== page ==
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Worst Roommate Ever Review 2022 Tv Show Series Season Cast Crew Online
We hear a recording of a 1988 police interrogation in Sacramento. The woman being interviewed insists that the bodies that were buried in her yard were not murdered.
Worst Roommate Ever is a docuseries that takes a look at various horrific roommates, from killers and other violent criminals to squatters who find every excuse to stay and wreak havoc.
The first episode is about Dorothea Puente, a woman from Sacramento that comes off like a kindly grandmother, but turned out to be a serial killer. Through interviews, archival news footage, and animated reenactments, we hear about Puente’s childhood and her criminal exploits through the decades, starting with passing bad checks when she was 19.
The through-line of the story is how Judy, a social worker who worked for Volunteers of America, wanted to get an unhoused man named Bert Montoya a stable place to live. Despite some severe mental health issues, she felt Bert would be better off in a house environment, rather than in a shelter or even a halfway house. She felt that moving him in with Puente was the right move, as she ran a boarding house and had other boarders like Bert.
But when Amy hadn’t heard from Bert in a few weeks, she called Puente, who said that Bert had gone on a trip with her son. Because that made no sense, Amy eventually reported Bert as missing. Because of her past record, where she would knock out victims with paralyzing sleep medication, alerted the investigating officer to ask Puente to search her home where he found various pills. That led him to ask whether he could dig in her yard. When she gave permission, that’s when the grisly discoveries started. Overall, seven bodies were found, including that of Montoya.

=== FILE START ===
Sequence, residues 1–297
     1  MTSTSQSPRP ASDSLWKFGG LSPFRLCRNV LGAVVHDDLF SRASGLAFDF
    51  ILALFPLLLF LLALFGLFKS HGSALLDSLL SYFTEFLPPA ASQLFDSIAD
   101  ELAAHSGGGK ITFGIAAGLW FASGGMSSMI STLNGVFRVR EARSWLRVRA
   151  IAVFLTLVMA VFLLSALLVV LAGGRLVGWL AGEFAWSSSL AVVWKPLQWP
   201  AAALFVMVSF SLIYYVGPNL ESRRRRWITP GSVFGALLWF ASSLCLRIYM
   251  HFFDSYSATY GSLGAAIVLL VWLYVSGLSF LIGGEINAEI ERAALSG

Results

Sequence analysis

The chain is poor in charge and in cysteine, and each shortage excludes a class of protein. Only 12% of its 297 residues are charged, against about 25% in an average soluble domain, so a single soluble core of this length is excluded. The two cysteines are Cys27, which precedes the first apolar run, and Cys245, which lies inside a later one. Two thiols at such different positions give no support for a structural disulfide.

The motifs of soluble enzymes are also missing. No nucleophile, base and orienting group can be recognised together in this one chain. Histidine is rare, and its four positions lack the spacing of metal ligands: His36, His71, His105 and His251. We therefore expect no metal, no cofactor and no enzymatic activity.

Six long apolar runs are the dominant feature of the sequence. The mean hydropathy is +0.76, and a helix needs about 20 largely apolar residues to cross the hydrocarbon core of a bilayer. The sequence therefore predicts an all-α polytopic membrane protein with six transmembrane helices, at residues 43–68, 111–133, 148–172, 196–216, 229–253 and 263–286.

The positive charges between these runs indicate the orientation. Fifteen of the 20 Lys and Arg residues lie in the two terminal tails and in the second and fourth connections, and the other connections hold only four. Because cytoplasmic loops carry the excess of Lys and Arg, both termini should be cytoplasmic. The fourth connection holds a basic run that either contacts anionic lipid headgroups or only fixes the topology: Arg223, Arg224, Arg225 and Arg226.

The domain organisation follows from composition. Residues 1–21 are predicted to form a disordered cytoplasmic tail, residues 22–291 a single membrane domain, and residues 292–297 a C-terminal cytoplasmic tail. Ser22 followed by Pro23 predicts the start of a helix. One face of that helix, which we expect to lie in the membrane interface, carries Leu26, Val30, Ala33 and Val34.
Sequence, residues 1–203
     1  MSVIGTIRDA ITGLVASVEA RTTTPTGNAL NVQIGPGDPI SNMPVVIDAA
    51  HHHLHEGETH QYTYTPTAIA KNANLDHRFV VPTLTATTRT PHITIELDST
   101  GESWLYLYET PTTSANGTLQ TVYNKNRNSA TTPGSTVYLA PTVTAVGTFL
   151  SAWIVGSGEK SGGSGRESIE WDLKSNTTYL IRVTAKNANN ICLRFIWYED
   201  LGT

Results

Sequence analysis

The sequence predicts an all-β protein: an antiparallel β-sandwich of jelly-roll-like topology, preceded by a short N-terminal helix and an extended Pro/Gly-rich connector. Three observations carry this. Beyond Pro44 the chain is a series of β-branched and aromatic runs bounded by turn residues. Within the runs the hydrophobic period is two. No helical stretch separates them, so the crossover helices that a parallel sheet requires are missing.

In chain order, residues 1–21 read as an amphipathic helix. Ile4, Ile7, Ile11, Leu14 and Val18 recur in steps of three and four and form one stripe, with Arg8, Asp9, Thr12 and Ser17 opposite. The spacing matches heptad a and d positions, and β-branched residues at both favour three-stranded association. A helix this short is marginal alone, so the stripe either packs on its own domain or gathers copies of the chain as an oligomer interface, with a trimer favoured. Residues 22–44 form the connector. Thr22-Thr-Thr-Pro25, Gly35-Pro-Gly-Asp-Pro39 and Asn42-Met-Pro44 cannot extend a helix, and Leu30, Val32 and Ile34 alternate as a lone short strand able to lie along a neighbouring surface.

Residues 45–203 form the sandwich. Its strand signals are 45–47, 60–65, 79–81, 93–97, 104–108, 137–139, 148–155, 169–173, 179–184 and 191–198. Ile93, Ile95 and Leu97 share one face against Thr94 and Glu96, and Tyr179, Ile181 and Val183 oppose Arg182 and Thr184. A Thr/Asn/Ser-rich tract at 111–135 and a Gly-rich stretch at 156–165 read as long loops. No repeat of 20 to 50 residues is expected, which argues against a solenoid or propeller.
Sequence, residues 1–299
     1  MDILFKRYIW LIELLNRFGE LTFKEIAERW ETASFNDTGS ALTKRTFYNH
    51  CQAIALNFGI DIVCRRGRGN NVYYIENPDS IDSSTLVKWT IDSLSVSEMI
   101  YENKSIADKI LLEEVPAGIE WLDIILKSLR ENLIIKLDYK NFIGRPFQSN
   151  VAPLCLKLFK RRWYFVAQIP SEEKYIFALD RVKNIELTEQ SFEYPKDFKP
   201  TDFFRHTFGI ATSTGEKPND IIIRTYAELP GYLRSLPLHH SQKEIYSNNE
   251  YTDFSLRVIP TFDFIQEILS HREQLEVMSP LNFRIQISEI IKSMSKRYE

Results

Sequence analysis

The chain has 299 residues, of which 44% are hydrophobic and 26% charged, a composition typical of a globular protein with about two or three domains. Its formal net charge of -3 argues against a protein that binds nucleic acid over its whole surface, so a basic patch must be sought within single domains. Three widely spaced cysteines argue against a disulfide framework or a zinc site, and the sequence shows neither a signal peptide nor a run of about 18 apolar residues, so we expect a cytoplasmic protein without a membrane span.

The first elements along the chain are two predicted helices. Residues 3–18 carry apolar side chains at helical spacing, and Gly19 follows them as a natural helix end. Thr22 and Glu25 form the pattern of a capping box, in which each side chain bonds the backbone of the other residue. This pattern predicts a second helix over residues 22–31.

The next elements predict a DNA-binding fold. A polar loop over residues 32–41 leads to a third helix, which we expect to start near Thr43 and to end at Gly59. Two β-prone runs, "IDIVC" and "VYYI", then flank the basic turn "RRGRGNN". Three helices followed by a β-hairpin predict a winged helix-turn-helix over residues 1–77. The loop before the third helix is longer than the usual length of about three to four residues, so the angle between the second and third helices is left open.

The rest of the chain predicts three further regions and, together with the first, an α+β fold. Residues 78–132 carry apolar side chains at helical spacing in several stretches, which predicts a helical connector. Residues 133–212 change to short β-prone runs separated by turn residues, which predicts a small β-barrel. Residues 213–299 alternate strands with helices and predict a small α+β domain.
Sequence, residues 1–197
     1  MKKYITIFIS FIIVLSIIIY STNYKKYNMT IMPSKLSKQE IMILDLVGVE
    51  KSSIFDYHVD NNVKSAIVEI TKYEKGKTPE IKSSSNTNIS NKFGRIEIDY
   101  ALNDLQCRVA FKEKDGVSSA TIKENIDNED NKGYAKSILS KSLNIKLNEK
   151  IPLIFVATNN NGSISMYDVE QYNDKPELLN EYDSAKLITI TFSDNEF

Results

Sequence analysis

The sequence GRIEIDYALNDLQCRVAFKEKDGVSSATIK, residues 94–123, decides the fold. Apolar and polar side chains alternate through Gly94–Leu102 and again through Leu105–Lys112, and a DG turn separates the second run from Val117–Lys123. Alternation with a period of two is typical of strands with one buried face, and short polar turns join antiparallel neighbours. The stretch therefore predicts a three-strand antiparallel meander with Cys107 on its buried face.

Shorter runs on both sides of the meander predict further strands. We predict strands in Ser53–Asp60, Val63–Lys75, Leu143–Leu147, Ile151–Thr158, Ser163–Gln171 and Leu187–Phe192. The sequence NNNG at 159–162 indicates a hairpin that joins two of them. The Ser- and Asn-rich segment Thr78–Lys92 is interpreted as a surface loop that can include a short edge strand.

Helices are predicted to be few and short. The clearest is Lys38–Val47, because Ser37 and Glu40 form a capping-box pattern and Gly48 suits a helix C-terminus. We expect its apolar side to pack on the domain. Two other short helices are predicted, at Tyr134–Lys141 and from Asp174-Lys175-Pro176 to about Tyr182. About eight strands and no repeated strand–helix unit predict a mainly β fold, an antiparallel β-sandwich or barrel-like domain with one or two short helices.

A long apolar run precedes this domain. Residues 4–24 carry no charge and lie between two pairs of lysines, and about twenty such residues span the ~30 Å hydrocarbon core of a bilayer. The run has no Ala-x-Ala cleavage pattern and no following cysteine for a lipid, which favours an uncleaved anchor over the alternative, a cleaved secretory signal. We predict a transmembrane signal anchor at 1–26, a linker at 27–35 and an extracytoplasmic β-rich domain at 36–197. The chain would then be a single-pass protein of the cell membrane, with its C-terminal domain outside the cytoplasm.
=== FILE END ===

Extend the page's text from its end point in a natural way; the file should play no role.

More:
Nothing we saw during the first episode of Worst Roommate Ever makes it particularly distinctive from other true-crime docuseries. Since three of the four stories are one-and-done deals (the fourth story spans two episodes), director Domini Hofmann doesn’t waste any time in giving lots of background.
There’s a quick introduction to Sacramento’s growth in the 1980s, which coincided with it’s growing difficulty managing its unhoused population, and there’s some biographical background about Puente. But for the most part, the content is about the case, which is a welcome relief from the more padded, single-topic true-crime docuseries we’ve seen lately.
Are we fans of the animated reenactments? Not really, but they’re relatively sedate, and we do give Hofmann and the producers credit for not doing more garish forms of reenactments to fill in some of the details.
We’re at a point with shows like these that having a straightforward storytelling method that moves along quickly feels like a refreshing approach. And the businesslike manner of Worst Roommate Ever is definitely a welcome sight.